Skip to Accessibility Tools Skip to Content Skip to Footer

Yes, I Saw Your Shot: Facing Triggers

As a big sister to four very sweet, hilarious, and very active younger brothers, I always want to provide fun and engaging entertainment whenever I spend time with them. I love to see a huge smile on their faces, and I love being able to provide or facilitate exciting environments and activities.That is why, despite my apprehension because of migraine…I volunteered to take my younger brother to his third basketball game of the season: loud cheering fans, bright lights, that super, incredibly obnoxious horn, screaming preteens, referee whistles and all. Sometimes it can be really tough to keep up with my kid brothers when I am experiencing pain from migraines, and even tougher to navigate that pain when I am in the role of caretaker for someone else.

Living with chronic migraine can often entail being caught in situations in which many of us are having to choose between our family, friends, jobs, and livelihoods or migraine. Here, I am going to discuss how I navigate a trigger laden situation and environment where I knew many of my own migraine triggers would be present, but that I decided to go through with because I wanted to support a loved one.

Calm before the storm

While I certainly felt anxious about taking my brother to his basketball game because of all of the possible migraine triggers that would be present, I also felt really guilty for having missed his previous games, and I wanted to spend time with him. When my mom asked me if I could take him, I said yes immediately. It was close to my house, and I thought we could make a day of it: lunch, basketball game, ice cream. It all sounded like a blast. I set an alarm to get up early the morning of the game to retrieve him so we could hang out.

But then the anxiety and questions set in: Will I have to wait in the car? Will he be upset with me if I don’t watch all the way through? Should I go in for a little while and leave if I start to feel sick? Am I walking right into a migraine nightmare?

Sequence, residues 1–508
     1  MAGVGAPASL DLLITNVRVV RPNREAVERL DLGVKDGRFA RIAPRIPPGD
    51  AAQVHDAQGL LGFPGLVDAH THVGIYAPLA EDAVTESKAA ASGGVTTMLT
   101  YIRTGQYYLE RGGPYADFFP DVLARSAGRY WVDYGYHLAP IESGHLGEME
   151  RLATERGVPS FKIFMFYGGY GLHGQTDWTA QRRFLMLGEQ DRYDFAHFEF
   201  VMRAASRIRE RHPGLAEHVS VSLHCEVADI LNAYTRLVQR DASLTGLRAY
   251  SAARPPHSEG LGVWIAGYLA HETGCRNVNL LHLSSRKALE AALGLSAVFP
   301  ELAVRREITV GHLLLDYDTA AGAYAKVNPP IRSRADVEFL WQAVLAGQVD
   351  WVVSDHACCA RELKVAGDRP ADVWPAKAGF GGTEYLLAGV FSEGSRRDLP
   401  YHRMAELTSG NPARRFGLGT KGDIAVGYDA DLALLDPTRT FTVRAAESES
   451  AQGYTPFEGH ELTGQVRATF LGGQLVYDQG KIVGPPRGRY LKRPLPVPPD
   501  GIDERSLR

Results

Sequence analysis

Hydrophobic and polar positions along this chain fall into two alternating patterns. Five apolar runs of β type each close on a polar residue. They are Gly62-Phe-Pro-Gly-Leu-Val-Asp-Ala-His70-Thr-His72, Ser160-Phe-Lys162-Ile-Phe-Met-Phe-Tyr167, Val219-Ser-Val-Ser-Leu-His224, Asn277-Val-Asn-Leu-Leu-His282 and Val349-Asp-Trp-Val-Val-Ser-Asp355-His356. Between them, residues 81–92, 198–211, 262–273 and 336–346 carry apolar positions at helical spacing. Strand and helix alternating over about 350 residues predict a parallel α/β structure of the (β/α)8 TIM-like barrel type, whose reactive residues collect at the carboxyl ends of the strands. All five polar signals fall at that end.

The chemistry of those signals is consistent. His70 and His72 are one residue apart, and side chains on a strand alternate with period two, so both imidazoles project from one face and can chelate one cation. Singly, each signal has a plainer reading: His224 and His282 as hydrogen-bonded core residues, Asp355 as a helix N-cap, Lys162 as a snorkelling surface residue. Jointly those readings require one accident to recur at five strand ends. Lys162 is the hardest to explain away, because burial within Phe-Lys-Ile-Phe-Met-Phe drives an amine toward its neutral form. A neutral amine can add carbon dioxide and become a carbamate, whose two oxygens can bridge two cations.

Preparation and support

My partner offered to come along to help with the driving (90 minutes round trip) and to also support my youngest brother at the game. I felt comfort in knowing that my partner would be there if I needed to tag team him in to act as honorary big sibling at the game, help care for me during escalation of an attack should one be induced, and do some of the driving. I also packed my bag full of medicine: migraine meds, allergy meds, inhaler, anxiety medicine, a small cloth, ear plugs and a bottle of water.

I still felt anxious that something would turn my fun day into a sour one, but when we picked my brother up from my mom’s, I felt a little relieved. My brother was super excited to be heading to the game. That filled my heart with joy and the anxieties subsided a little. We ate lunch and had a great time catching up on all things pre-teen and soon we were on our way to the game.

Out of my head, into the game

I could hear the blare of the referees’ whistles before we even entered the room. The small bleachers were packed, mostly with sleepy looking parents and a ton of very small children. Another game was just finishing up. From the moment we walked in I felt dizzy. Although my migraines can be triggered days before they occur and can last for a really long time, I have a lot of experiences where they are induced by environmental factors such as bright lights, smells (such as fryer oil and perfumes), and loud noises. Here I was in an environment where many of those triggers were present and I’d volunteered to go.

Why are sports buzzers so loud?..seriously?

BLEAUURGMM. The buzzer had spoken, very loudly.

Ouch was my first thought. I’d felt the loudness in my teeth and immediately contemplated going back out to the car. ‘Watch out for me’ I whispered to my partner. It was finally time for my brother’s team to play and I was thinking of leaving the room. But I was also filled with excitement and ready to see him play some ball! That’s why we were there after all. I decided to stay.

Worth the stay

For the next thirty minutes I watched intently as my brother played a great game. I felt proud. I shouted ‘GET THE REBOUND’ and ‘Go Blue!’ I clapped and cheered and yes, flinched at every loud sound that occurred during the short game, but I was enjoying myself and enjoying supporting my brother. The most exciting part of the game was a moment in which my brother stole the ball from the opposite team and in an energetic play that had the whole gym watching, took the ball all the way back down the court and made a beautiful layup, for the first points for his team of the game.